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3

The push bot also interfaces with a continuous integration server, which you can see if you click on the "View Details" next to its merges. That means there are two conditions for a merge: the thumbs up and a passed set of automated tests. Having the bot do the merge means the maintainer doesn't have to wait for the tests to finish, worry about ...


0

One solution I can think of is to use git tag to create a tag for each business, then specify in the build process as a variable (BUSINESS=FOO) to change the customisations. You could even try and automate that so it looks for the business name in the tag. This avoids having to create N number of branches per business, and having to consistently keep them ...


0

Separately stage (and commit) the changes related to the bug-fix. In Git Extensions, this is extremely easy to do. From the commandline, I think you need to do git add -p.


1

An option I use quite a bit is to add TODO comments, then do lots of frequent "partial" commits, by using git add --patch to select the relevant parts of the file. Then use git rebase --interactive to reorder and merge the partial commits into the final feature and fixup commits before pushing them. This keeps your main commit clean, and still allows you ...


2

My editor has a plugin that makes staging individual parts of a file extremely easy. I imagine other programmer editors might have similar plugins, although you can always do it the manual way with git add --patch | -p. Then I use git stash to save off my other changes to test my small commit in isolation. Then after I commit, I just do a git stash pop ...


0

The trick is not to make changes unless you are prepared to put as much effort in as the change deserves. What I do tend to do is add to a todo list (sometimes by adding comment to the code, sometimes in a note on a bug ticket, and sometimes by updating the code in a separate branch knowing the fix will get merged in eventually). If there is no bug ticket ...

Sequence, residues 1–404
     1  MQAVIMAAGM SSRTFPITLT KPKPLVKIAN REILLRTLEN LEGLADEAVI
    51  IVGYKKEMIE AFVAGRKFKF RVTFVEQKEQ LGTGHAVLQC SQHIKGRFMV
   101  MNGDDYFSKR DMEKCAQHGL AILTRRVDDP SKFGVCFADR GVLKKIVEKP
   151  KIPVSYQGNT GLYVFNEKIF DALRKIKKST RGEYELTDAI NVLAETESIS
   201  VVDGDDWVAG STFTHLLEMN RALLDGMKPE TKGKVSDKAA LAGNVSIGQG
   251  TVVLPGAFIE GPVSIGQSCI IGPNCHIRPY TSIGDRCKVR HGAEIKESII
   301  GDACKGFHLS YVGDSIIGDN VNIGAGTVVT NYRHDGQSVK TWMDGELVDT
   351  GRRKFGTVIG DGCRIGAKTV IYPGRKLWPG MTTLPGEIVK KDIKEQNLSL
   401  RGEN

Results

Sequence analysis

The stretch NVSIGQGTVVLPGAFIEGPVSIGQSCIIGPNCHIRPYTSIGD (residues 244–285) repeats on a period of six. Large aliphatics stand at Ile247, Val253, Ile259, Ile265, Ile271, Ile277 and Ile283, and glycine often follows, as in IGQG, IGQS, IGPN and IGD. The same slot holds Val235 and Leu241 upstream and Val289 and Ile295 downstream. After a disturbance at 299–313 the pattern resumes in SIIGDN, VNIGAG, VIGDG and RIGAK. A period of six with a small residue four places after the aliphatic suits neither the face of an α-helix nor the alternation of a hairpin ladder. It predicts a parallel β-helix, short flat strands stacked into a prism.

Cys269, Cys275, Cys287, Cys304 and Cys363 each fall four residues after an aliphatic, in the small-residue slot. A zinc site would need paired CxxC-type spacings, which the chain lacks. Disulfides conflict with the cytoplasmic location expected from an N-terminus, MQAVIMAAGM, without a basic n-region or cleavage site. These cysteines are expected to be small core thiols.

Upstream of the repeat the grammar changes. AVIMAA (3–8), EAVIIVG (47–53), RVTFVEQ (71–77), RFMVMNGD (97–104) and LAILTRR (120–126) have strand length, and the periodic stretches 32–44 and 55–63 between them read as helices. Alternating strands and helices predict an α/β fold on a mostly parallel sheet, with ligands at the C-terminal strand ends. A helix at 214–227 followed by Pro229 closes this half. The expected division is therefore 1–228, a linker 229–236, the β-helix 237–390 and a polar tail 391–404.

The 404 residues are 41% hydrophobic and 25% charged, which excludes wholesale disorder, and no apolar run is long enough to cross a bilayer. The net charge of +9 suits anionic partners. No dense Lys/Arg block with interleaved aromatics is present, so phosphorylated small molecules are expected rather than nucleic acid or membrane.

8

I think that you have to be very pragmatic when programming. Even if it might be possible to formulate the perfect scheme, workflow, or implementation, sometimes you just need to get work done. Here's what I do: I use git's ability to stage/commit individual hunks and lines, whenever possible, to separate unrelated changes, although, occasionally this can ...


1

You can pull in those branches into you git-tfs hybrid repository, then use git tfs checkintool. This should open up a window that looks similar to the Visual Studio interface, and should allow you to link work items.


1

LGPL says you don't have to put this library with your code and make your code on LGPL. That's the main difference between LGPL and GPL. You just have to make a way for user to be able to use his own version of this library. So, link it dynamically: 0) Convey the Minimal Corresponding Source under the terms of this License, and the Corresponding ...


0

I use a private GitLab to store all my repositories, so I only have one origin I push and pull from while I'm doing day to day development. But, for open source projects, GitHub is a much more vibrant community, so, if I want to accept community contributions to my projects, I use web GitLab's web hook system to ping a server I run which then updates my ...